response h_{i} conditioned on y_{i} and ε^{(k)}.
It is easily seen that, conditioned on y_{i} and ε^{(k)},
h_{i }is complex Gaussian distributed as (Stoica and Besson, 2003)
with
where, Σ_{z1} and Σ_{hi} denote respectively
the covariance matrix of the ambient white Gaussian noise z_{i}
and channel responses h_{i}. According to the above assumptions,
both of them are diagonal matrices as
where, is
the average power of the lth tap between the jth transmit and
ith receive antennas; if
the channel response at this tap is zero. Assuming Σ_{hi}
is known,
is defined as the pseudo inverse of Σ_{hi} as
As shown in Fig. 2, the diagonal elements of V^{H}Y
are equal to K/N. K/N is much larger than , which is inversely proportional
to the signaltonoise ratio of the fading channel. Therefore, we can
simplify Eq. 17 and 18 to
Hence, Eq. 14 reduces to
The second term is independent of ε and hence has no contribution
to the detector. Developing (24) and dropping terms irrelevant of ε,
we obtain:

Fig. 2: 
Evaluation of matrix products V^{H}V (K = 128,
N = 2) 
By denoting ri(n) = y*_{i}(n). M_{i}(n), the final expression
for (k+1)th estimate of ε is obtained as follows:
Where:
can be easily computed using the FFT algorithm. Better frequency resolution
can be achieved by zeropadding to effectively increase the length of
the symbol sequence.
When has
been obtained, it is straightforward, using (23), to estimate h_{i}.
The LS solution of (23) is also the ML channel estimate. The ML solution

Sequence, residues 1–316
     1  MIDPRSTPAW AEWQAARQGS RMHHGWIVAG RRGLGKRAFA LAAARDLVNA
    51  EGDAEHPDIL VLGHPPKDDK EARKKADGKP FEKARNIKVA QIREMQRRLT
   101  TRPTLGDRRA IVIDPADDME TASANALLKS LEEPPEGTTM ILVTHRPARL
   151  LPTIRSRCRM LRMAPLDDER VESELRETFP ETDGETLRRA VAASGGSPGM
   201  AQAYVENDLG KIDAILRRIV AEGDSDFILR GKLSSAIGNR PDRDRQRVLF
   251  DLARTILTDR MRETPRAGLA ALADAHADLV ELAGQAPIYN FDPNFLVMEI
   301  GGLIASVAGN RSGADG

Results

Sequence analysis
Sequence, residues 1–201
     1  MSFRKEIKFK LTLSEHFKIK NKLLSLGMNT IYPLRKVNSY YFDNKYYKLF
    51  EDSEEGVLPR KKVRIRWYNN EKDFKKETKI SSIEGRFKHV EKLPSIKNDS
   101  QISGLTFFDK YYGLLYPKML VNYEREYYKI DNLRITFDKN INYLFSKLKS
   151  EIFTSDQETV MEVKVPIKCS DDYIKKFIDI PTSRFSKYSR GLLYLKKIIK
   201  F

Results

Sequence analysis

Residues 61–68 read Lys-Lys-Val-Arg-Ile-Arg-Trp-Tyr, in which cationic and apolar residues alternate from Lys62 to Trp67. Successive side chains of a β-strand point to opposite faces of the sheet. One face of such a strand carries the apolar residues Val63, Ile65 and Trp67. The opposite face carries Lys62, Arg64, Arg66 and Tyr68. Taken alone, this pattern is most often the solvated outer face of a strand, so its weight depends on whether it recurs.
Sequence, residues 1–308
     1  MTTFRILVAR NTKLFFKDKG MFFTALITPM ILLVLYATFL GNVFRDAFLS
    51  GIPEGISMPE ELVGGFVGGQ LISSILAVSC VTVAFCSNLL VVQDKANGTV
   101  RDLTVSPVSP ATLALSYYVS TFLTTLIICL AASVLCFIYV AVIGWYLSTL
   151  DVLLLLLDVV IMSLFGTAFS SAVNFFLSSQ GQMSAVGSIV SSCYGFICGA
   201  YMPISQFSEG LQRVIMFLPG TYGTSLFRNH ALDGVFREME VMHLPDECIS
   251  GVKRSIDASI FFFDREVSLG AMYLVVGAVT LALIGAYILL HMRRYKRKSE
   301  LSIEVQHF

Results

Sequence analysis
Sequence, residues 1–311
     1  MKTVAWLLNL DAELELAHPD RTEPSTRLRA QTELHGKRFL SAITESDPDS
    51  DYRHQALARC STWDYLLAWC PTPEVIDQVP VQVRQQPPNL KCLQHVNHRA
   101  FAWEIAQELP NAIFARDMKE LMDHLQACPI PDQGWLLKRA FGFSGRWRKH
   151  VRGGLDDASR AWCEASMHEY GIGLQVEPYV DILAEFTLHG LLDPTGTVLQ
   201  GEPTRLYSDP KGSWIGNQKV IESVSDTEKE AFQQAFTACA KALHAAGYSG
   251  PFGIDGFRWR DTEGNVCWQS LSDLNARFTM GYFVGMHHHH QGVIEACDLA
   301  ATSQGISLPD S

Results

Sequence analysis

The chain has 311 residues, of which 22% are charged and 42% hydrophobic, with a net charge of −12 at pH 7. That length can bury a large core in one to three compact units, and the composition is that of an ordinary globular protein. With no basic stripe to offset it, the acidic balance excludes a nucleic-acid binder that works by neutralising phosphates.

can be determined by:
CRB ANALYSIS
To benchmark the performance of our estimators, we evaluate the CRBs
for the estimation of CFO and CIR. Remember that for each received antenna
we have: y_{i} = F(ε) V h_{i}+z_{i} (i =
1, ..., M). Stacking all the different vectors y_{i} in column
to form the vector y and doing the same thing with vectors h_{i}
to obtain h, we add together the contributions of all received antennas:
with
denoting the Kronecker product. Let η = [εh_{R} h_{l}]^{T}
denote the parameter vector of interest where h_{R} and h_{I}
stand for the real and imaginary parts of h, respectively. Under all the
made assumptions, the received signal y is a complexvalued circularly
symmetric Gaussian vector with mean μ = (1_{M}
F(ε)V) and covariance matrix For
this type of problem, the Fisher Information Matrix (FIM) for estimation
of is
block diagonal i.e., the estimation of is
decoupled from that of η. Therefore, we only consider the FIM for